Psychology based services

I think we consider too much the good luck of the early bird and not enough the bad luck of the early worm.
Franklin D. Roosevelt

Counselling, psychotherapy, psychology and psychiatry - what's the difference between them? And where do somatic treatments fit in?

What follows is a quick description of each of these groups. 

Psychiatrists are medical doctors (general medicine) with training in working with mental illness. They work predominantly with medication and have access to community mental health resources. They are qualified to make diagnoses and prescribe medicine.

Psychologists have a lengthy academic training and know the latest research and statistics. Their professional bodies are the NZPsS and NZCCP. Psychologists tend to prefer short term common sense approaches like cognitive behaviour therapy (CBT) which is often really useful, but 'barely touches the sides' when it comes to more ingrained problems. For this reason, a number of psychologists have gone on to train further in psychotherapy.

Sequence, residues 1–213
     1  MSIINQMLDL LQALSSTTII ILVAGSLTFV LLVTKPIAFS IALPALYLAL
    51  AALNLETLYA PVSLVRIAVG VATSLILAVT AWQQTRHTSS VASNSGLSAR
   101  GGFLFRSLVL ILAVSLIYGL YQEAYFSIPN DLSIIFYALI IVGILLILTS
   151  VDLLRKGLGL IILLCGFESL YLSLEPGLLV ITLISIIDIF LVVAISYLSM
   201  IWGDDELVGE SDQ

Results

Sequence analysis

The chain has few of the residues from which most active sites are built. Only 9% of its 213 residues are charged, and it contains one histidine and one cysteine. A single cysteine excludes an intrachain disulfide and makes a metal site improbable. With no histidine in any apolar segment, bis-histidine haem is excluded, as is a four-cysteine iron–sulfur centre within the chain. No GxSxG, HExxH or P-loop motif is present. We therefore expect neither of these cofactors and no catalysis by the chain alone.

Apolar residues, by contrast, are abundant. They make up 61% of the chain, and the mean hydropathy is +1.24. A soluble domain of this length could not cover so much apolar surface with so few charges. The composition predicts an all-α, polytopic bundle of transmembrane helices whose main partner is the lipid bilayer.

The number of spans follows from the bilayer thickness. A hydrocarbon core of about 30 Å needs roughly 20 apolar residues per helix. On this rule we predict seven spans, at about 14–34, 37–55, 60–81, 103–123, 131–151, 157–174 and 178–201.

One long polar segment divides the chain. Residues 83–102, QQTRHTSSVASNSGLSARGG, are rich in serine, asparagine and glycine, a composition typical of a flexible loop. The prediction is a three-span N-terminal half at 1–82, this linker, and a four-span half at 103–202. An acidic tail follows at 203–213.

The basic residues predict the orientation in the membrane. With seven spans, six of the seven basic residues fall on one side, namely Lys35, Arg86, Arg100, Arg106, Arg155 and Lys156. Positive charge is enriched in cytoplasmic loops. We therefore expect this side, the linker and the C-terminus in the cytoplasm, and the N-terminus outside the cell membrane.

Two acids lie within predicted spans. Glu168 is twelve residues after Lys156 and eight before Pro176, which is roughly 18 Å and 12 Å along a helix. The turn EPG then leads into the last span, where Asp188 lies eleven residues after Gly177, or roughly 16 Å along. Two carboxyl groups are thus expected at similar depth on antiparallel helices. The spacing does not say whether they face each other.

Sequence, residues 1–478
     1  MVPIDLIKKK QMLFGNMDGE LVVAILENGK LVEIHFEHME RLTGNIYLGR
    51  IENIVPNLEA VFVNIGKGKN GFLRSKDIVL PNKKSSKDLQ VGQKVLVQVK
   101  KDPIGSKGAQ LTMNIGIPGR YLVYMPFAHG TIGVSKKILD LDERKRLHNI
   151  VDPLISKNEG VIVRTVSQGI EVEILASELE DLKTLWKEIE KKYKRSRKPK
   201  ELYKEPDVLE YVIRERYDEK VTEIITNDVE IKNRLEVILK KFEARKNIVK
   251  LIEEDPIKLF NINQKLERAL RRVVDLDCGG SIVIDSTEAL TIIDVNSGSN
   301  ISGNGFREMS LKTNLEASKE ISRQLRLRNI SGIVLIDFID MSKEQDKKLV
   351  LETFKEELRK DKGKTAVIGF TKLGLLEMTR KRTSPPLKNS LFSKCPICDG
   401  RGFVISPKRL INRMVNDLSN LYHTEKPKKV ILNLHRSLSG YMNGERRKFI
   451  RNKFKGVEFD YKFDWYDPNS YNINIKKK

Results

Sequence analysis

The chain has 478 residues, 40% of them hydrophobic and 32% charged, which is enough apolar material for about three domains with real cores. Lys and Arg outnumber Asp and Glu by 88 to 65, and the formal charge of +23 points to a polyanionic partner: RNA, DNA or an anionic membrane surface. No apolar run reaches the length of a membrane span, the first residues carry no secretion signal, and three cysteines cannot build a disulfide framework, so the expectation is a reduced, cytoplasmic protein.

Psychotherapists see therapy with humans more as a craft than a science, so the focus in training is more practical. Training is most commonly at postgraduate level and the professional body is the NZAP. Psychotherapists see themselves as working with people at the underlying level of the core beliefs they hold about life and relationships. Changing these can transform the way we see and deal with the world. This is my preferred modality as it can be deeply satisfying work.

Body-oriented psychotherapy has a very different approach to the above three. At its core is the belief (backed by science) that what affects the mind affects the body, and that what affects the body affects the mind. This is crucial for conditions such as trauma where a lot of the primary dysfunction is physiological in nature, reflecting changes in the body systems as a direct result of the traumatic experience. This field is by no means new - having been used overseas in ways such as Critical Incident Debriefing - for decades. However in New Zealand, it is still a very emerging practise with most practitioners having acquired their skills through overseas bodies.

Kate Johns,
Apr 22, 2012, 8:34 PM